University of Medicine and Pharmacy “Gr. T.Popa” Iasi, Romania
Title: Obesity in obstetrics
Biography: Mircea Onofriescu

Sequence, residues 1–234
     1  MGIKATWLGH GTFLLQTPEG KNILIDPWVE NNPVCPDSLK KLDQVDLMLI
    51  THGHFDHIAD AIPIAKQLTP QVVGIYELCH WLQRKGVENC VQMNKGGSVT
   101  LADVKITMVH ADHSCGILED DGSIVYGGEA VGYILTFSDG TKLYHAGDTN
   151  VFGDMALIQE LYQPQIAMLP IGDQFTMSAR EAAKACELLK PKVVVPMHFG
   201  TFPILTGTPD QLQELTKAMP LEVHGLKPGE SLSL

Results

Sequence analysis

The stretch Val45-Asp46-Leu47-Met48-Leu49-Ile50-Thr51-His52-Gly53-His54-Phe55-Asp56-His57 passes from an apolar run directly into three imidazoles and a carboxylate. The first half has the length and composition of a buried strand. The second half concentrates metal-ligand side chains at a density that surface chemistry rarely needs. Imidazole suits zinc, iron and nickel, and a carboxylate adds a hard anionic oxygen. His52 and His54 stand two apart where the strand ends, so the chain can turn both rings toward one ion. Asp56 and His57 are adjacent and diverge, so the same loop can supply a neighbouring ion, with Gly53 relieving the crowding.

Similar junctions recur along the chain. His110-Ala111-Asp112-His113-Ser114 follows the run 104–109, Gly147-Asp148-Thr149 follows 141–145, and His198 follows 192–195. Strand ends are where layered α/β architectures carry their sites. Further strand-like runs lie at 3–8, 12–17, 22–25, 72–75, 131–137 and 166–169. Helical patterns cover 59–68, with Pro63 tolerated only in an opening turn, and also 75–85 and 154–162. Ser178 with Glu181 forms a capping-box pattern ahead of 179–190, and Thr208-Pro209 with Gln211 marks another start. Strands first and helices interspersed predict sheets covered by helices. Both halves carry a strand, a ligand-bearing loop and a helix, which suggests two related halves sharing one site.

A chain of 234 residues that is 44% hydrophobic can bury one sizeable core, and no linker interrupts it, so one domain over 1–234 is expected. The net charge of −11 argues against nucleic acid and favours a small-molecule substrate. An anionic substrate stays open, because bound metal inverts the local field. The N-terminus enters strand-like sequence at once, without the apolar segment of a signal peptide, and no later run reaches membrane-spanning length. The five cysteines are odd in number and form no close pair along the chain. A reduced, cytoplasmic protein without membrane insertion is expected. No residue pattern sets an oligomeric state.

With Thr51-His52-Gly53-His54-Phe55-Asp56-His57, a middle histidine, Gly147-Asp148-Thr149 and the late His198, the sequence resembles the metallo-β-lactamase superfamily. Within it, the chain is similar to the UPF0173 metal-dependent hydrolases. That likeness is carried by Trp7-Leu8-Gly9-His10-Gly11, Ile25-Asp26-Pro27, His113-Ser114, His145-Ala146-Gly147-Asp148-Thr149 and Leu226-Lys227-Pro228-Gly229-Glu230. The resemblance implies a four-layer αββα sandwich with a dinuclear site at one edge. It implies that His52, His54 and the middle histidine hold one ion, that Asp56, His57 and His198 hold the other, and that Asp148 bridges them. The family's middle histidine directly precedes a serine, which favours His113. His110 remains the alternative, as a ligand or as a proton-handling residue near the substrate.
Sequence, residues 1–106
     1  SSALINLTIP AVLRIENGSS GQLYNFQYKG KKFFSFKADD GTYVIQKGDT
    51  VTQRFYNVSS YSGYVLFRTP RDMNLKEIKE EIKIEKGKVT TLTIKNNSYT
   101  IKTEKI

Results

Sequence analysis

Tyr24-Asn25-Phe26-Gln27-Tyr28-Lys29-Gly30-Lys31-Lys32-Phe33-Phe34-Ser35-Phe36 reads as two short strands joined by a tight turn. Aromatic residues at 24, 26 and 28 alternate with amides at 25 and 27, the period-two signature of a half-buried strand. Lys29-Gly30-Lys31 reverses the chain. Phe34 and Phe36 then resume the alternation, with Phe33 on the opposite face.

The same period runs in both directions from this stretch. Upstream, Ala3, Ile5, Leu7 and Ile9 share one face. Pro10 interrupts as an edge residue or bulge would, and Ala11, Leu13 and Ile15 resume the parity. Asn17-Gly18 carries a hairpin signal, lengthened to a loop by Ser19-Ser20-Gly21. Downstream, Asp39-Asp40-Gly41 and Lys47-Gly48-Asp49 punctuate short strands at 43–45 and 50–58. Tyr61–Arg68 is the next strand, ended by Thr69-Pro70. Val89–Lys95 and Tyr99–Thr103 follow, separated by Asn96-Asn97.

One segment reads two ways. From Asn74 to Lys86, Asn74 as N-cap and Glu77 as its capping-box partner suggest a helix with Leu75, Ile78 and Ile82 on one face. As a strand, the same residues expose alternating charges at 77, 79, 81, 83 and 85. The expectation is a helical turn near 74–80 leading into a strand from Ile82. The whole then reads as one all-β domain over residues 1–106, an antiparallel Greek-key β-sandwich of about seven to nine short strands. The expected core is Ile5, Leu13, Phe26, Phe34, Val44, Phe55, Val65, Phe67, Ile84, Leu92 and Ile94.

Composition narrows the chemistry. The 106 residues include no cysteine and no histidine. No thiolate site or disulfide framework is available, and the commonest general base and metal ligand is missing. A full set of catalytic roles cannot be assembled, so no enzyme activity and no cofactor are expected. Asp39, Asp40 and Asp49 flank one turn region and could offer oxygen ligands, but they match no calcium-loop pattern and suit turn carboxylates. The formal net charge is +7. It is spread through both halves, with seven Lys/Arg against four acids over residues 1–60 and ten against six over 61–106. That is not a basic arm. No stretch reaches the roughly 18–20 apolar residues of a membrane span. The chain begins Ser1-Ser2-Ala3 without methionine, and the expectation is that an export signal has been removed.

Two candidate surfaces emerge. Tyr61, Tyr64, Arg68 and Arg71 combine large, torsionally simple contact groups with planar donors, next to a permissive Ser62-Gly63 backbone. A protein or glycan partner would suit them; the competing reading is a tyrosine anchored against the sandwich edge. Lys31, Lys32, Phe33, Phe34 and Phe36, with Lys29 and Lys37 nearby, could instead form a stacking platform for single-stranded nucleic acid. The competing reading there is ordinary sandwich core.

With approximately one in five women presenting as obese or with overweight, obesity is one of the greatest challenges to maternity services in both developed countries and those in development. Obesity during pregnancy is associated with an increased risk of overweight children; overweight children being more likely to become overweight or obese adults. The etiology of obesity is multifactorial, one involving genetics, environmental, socioeconomic and behavioral factors. Identification of risk factors, especially those that can be modified, gives us epidemiological tools for planning intervention measures with positive impact on public health. Evidence suggests that maternal obesity is a risk factor for adverse pregnancy, labor and delivery outcomes and increased health care service utilization at birth, with increased costs. Overweight and obesity in pregnancy are associated to antepartum stillbirth, large-for-gestational-age with shoulder dystocia, meconium aspiration, diabetes, hypertension, low Apgar scores, congenital anomalies, birth asphyxia and neonatal hypoglycemia. Increased maternal body mass index before conception influences fetal intrauterine growth and their weight, labor and delivery outcomes. There is an association between BMI and the risk of pregnancy complications, active management in labor and at delivery, including labor induction and surgical delivery. Maternal overweight and obesity are associated with increased risks, both for the mother and for the fetus and later newborn, but they are preventable risks. Prenatal care in women with excess weight needs to be individualized to lower the risks, to improve maternal and fetal outcomes and to reduce healthcare services costs.